A fired-up Tim Cook sat down for an interview with ABC’s David Muir this week, during which he likened the development of a backdoor mobile operating system to cancer and argued that the issue was not privacy versus national security, but one of public safety.
“We have no more information about this phone,” Cook said. “The only way to get information…would be to write a piece of software that we view as sort of the software equivalent of cancer.”
The phone in question belonged to one of the San Bernardino shooters.
It’s currently in the possession of the FBI, which wants Apple to disable a feature that wipes a phone after 10 incorrect password guesses.
In order to do that, however, Cupertino would need to create another OS that could open the encrypted device.
Cook argues that’s a slippery slope, and says the workaround will inevitably end up in the wrong hands.
Our phones, he continued, have “incredibly detailed information” about our lives, from personal emails and texts to financial and health data and the location of our family members at any given time. “There’s probably more details about you, on your phone, than there is in your house,” Cook said. “So it’s not just about privacy, it’s about public safety. No one would want this kind of information to be available. No one, I don’t believe, would want a master key built that would turn hundreds of millions of locks.
Even if that key were in possession of the person you trust most, that key could be stolen.”
Cook acknowledged that if Apple could create the backdoor and know for a fact that it would not fall into the wrong hands, it would do so.
But in this day and age of prolific hacking, that’s impossible, he said.
“It is, in our view, the software equivalent of cancer,” he reiterated. “Is this something that should be created? Technology can do so many things, but there are many things technology should never be allowed to do.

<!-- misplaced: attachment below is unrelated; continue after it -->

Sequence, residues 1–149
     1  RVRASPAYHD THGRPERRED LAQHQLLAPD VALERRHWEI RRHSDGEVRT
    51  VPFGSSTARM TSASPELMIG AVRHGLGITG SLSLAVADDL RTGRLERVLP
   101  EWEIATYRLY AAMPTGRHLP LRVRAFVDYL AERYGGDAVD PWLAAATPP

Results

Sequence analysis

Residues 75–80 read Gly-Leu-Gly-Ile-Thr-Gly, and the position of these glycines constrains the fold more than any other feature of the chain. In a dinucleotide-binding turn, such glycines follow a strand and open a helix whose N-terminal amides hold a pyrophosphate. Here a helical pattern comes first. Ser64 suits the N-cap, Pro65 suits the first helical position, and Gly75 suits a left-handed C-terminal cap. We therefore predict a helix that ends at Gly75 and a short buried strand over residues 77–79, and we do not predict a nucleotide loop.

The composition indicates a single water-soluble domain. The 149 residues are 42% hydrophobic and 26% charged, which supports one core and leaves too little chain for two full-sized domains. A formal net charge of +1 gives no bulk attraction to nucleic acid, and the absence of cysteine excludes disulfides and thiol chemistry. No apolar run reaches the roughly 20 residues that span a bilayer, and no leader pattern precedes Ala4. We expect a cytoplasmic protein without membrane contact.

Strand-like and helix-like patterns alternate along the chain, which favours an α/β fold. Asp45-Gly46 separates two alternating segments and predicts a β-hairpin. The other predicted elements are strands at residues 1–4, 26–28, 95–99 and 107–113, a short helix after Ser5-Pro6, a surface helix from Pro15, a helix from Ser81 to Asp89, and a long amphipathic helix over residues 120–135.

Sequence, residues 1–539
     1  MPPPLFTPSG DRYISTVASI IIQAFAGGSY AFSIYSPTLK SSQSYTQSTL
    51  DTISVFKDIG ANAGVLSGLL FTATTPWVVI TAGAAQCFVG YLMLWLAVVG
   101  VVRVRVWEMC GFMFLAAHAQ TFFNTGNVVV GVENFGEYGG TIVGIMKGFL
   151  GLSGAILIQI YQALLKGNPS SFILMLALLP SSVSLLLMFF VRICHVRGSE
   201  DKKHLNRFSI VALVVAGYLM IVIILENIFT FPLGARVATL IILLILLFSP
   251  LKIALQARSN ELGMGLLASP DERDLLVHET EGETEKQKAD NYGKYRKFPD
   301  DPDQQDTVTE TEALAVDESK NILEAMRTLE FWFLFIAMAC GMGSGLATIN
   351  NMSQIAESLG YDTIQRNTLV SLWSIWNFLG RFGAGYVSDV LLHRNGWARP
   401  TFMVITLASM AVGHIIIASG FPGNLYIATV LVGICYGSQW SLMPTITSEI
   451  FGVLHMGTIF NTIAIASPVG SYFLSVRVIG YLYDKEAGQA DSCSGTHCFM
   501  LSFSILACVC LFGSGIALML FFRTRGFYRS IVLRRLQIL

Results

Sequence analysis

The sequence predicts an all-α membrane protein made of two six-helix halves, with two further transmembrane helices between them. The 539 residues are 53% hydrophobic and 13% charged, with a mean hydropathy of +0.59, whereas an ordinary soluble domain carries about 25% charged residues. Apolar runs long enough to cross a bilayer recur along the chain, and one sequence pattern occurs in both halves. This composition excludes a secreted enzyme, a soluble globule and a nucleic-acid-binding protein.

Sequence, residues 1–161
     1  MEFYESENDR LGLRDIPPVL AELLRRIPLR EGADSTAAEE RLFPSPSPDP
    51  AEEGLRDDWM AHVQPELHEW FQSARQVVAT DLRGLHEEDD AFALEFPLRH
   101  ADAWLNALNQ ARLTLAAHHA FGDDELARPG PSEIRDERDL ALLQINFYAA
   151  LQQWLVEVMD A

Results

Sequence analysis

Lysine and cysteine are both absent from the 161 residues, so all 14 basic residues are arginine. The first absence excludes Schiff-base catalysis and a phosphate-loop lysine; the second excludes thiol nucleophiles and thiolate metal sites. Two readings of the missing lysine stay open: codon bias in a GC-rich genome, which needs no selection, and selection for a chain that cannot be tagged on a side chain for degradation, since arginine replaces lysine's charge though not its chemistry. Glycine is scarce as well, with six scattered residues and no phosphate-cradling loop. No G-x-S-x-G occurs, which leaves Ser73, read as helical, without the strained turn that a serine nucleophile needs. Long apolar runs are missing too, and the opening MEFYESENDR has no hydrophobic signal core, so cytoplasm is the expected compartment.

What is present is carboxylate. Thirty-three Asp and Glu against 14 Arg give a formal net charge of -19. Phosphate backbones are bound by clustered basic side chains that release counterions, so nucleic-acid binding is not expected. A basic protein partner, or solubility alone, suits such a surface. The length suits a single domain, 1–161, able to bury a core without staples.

And the way you not allow it is to not create it.”
Cook also took the FBI to task for making this battle public prior to discussing it with the company.
Apple found out about the order from the press, he said.
In the weeks after the shooting, Apple cooperated with officials as best it could, Cook said.
The only thing it could not do was provide access to the physical phone.
For example, Apple instructed the FBI to take the phone to where it had previously connected to a network – like the shooter’s apartment – and plug it in overnight.
That way, he said, the content on the device would back up to iCloud, and Apple could pull it down. Unfortunately, a county official changed the password associated with the Apple ID after the shooting, meaning that backup would not work, Cook said.
“I wish [the FBI] would’ve contacted us earlier, so that would not have been the case,” Cook said.
Going forward, Cook thinks Congress should address this issue – if only so that the fight will be in public.
Cook said he would also talk soon to President Obama about the issue.
“This is not about this phone, this is about the future.
I do see it as a precedent that should not be done in this country or any country.
This is about civil liberties and is about people’s ability to protect themselves.
If we take encryption away, the only people that would be affected are the good people, not the bad people.”
Apple has until Feb. 26 to respond to the court; Cook says he wants the feds to withdraw their case.
As for whether Apple will argue on First Amendment grounds, Cook said that’s “up to the lawyers,” but it’s not his primary focus. “My primary focus is, as I’ve said before, is on the customers who will then be vulnerable and the trampling on civil liberties,” he said.
If necessary, Apple will take the fight to the Supreme Court, but “at the end of the day, we have to follow the law just like everybody else.”
He encouraged those who support Apple to speak out. “What is going on right now is we’re having our voices be heard,” but overall, this is a “very uncomfortable position,” Cook acknowledged. “I’ve never felt the government apparatus before.”
Cook’s interview came as the New York Times reported that Apple is developing new security measures that make it impossible for the government to crack a locked iPhone. Cupertino is also eyeing stronger encryption of customers’ iCloud backups, the Financial Times said, citing anonymous sources familiar with the company’s plans.
Silicon Valley executives have rallied around Cupertino in its stand-off with the government.
But the American public appears torn.
A recent Pew Research Center study suggested 51 percent of people say Apple should unlock the phone. Protesters in nearly 50 U.S. cities, however, back the tech titan in its encryption fight.